If I were comparing this product and it's performance, I certainly would not be benchmarking a SATA based RAID setup against a single Parallel ATA drive. Something in this arrangement just doesn't seem... well, logical.

    If you were really going to try to impress me with it's performance, then you would have to show me how it compares to "non-RAID" optimized drives of near simular characteristics. Show me how this drive performs against, say, Hitachi SATA 320 gig drives using an identical test rig. Also show me how this drive compares to 320 gig SCSI drives. Show me the results as JBOD, RAID-0, RAID-1 and RAID-5. You know, like the real world.

    While the graphs are pretty, I'm afraid that this "review" it fairly content-free.

    • but it's fairly good at getting ad impressions, which is all it's designed to do.

      most "reviews" on the web are are extremely basic done by people with little knowledge in the methodology of testing hardware/software.

      it's useful in that it exemplifies how not to review products.
  • by jandrese ( 485 ) * <> on Saturday September 17, 2005 @03:51PM (#13586165) Homepage Journal
    IMHO, the biggest things manufacturers could do to make the drives more RAID friendly is to change the name (even with just a v1, v2, etc...) when they change platters.

    Nothing is worse than buying a bunch of drives and a couple of spares and building the array and then discovering down the road that in fact one of your spares came from a different production run and has a slightly different (maybe 3 block smaller) geometry and can't be used on your array. Usually there is absolutely no indication on the box or the drive that one of your drives is different unless you decode the cryptic serial number.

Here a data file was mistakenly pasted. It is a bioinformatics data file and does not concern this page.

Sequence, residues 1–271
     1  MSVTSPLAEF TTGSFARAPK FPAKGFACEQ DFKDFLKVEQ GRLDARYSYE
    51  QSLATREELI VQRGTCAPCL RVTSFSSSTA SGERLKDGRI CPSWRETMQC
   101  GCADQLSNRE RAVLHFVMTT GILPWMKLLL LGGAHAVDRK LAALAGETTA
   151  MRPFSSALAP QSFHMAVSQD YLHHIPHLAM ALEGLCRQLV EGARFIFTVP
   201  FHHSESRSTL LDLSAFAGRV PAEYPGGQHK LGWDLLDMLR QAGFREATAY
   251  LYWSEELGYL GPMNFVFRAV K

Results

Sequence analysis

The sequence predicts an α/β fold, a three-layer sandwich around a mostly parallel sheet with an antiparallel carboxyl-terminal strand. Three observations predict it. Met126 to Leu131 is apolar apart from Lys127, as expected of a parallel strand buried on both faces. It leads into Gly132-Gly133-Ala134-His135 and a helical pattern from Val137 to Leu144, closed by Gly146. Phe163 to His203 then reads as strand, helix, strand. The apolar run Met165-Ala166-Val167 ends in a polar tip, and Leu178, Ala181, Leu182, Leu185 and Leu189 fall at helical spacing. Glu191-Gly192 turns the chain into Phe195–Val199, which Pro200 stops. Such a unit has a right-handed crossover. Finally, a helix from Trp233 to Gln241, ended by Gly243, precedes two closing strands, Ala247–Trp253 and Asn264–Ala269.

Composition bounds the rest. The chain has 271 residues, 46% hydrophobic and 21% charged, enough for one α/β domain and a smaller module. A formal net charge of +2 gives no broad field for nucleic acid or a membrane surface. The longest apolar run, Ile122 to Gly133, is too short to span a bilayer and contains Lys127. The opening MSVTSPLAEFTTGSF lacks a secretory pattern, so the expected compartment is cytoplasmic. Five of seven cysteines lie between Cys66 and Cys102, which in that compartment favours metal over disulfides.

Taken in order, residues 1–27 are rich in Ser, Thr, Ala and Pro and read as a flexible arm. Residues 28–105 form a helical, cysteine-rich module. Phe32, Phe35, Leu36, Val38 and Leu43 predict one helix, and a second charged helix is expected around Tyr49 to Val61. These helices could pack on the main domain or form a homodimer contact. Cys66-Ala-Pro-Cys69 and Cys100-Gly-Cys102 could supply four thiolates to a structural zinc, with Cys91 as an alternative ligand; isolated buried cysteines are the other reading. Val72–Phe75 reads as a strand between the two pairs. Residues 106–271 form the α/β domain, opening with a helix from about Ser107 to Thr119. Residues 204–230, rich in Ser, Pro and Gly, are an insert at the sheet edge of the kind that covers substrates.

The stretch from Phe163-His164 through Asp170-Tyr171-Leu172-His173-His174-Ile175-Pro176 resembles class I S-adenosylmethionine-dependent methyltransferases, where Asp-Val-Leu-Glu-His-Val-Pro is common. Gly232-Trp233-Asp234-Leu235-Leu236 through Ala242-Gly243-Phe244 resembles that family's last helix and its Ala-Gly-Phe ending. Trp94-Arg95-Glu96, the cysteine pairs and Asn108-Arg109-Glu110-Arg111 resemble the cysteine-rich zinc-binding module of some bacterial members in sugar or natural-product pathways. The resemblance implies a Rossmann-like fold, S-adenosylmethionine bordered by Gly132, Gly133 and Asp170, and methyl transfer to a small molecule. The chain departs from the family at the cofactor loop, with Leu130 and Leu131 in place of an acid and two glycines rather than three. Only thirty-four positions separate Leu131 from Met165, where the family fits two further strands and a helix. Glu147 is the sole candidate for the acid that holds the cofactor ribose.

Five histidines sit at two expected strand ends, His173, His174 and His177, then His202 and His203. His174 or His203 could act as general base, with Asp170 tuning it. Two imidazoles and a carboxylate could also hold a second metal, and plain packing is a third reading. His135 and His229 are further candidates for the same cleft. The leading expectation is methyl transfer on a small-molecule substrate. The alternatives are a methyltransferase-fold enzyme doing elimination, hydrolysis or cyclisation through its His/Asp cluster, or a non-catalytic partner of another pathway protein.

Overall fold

For that matter, just printing the exact LBA count on the back of the box would be a huge boon.

    This isn't limited to ATA drives either. I've seen it plenty of times in professional SCSI solutions too, especially as the arrays start to get older.
  • by adrianmonk ( 890071 ) on Saturday September 17, 2005 @03:59PM (#13586204)

    I would think if these drives are really designed for RAID (like other drives have been in the past), then they would have support for synchronized spindles.

    The idea behind synchronized spindles is that in order to read data from a disk, you have to wait for the platter to come around part of a revolution for your data to become available, just like picking up your suitcase on the luggage carousel at the airport. How long you need to wait is a matter of luck, because the disk can be assumed to be in a random position when you decide you want your data. When you have RAID without synchronized spindles and you want data that's bigger than the stripe width (or when you're writing and need to update the parity), you have to wait for multiple disks, and they will tend to be spread out so that you tend to wait longer than if you were just waiting for one. With synchronized spindles, as soon as the whole group hits the right position, you've got what you're looking for, and you're done.